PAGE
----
Take a sneak peek at the new NIST.gov and let us know what you think!
(Please note: some content may not be complete on the beta site.).

View the beta site
NIST logo

Publication Citation: Initial ACT-R Extensions for User Modeling in the Mobile Touchscreen Domain

NIST Authors in Bold

Author(s): Kristen Greene; Franklin Tamborello;
Title: Initial ACT-R Extensions for User Modeling in the Mobile Touchscreen Domain
Published: July 12, 2013
Abstract: Advances in mobile touchscreen computing offer new opportunities to test traditional cognitive architectures and modeling tools in a novel task domain. ACT-Touch, an extension of the ACT-R 6 (Adaptive Control of Thought- Rational) cognitive architecture, seeks to update and expand methods for modeling touch and gesture in today‰s increasingly mobile computing environment. ACT-Touch adds new motor movement styles to the existing ACT-R architecture (such as tap, swipe, pinch, reverse-pinch and rotate gestures) and also includes a simulated multi-touch touchscreen device with which models may interact. An ACT-Touch model was constructed to explore the nature of human errors qualitatively observed during previously conducted formative usability testing, where participants occasionally missed taps on a particular interface button while completing a biometric sensor configuration task on a tablet computer. Due to features unique to the mobile touchscreen environment,finger size relative to target size,these objectively small errors in motor movement combined with interface usability issues to produce disproportionately large effects on cognition and task performance. This finding improved both the interface (practical application) and the model (theory).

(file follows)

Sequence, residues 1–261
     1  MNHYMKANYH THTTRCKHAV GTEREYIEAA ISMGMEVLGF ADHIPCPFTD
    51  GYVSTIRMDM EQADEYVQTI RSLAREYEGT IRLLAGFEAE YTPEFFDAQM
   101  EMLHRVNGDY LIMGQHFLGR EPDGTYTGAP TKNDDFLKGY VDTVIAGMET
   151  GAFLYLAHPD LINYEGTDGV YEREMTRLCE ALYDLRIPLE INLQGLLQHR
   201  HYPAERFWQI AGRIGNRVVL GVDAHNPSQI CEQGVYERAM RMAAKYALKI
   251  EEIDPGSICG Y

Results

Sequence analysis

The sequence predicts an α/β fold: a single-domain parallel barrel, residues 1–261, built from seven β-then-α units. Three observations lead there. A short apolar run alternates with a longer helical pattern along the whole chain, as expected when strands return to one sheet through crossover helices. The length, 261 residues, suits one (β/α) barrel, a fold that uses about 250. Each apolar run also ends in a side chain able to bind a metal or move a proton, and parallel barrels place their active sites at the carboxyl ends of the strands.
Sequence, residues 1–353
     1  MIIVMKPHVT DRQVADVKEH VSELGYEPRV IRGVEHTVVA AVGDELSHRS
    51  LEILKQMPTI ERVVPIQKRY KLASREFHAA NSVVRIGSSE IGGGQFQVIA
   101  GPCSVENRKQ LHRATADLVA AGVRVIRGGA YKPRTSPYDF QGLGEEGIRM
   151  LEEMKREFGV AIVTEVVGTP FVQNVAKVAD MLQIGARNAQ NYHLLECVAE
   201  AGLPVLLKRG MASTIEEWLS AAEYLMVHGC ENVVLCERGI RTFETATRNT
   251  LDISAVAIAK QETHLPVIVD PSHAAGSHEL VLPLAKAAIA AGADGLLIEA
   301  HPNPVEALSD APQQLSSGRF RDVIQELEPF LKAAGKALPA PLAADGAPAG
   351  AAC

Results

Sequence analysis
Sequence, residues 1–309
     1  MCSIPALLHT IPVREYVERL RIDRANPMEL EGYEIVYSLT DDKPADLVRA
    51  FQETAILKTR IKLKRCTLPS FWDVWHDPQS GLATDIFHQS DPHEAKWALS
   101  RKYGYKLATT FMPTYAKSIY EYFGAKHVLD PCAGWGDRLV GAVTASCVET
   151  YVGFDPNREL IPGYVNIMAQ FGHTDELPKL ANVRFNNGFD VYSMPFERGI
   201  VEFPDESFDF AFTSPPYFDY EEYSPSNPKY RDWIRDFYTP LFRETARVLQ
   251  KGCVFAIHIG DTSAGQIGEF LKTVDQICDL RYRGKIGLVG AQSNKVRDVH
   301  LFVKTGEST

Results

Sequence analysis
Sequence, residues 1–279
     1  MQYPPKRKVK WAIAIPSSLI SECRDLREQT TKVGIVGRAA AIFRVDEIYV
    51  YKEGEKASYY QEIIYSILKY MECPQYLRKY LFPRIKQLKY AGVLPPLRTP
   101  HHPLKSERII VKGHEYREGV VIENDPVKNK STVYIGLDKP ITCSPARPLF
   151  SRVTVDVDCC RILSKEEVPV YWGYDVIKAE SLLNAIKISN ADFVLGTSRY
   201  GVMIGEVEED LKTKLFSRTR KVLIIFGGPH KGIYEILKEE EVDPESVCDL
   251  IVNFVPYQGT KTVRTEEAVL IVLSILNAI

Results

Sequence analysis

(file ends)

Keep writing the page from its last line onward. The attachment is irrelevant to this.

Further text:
Conference: ICCM 2013, The 12th International Conference on Cognitive Modeling
Proceedings: International Conference on Cognitive Modeling (ICCM)
Location: Ottawa, -1
Dates: July 12-14, 2013
Keywords: ACT-R 6, ACT-Touch, cognitive architectures, computational cognitive modeling, mobile handheld devices, motor execution errors, motor movement variability, tablet computers, touch and gesture, usability testing, user modeling.
Research Areas: Biometrics, Information Technology, Methods, Measurements
PDF version: PDF Document Click here to retrieve PDF version of paper (631KB)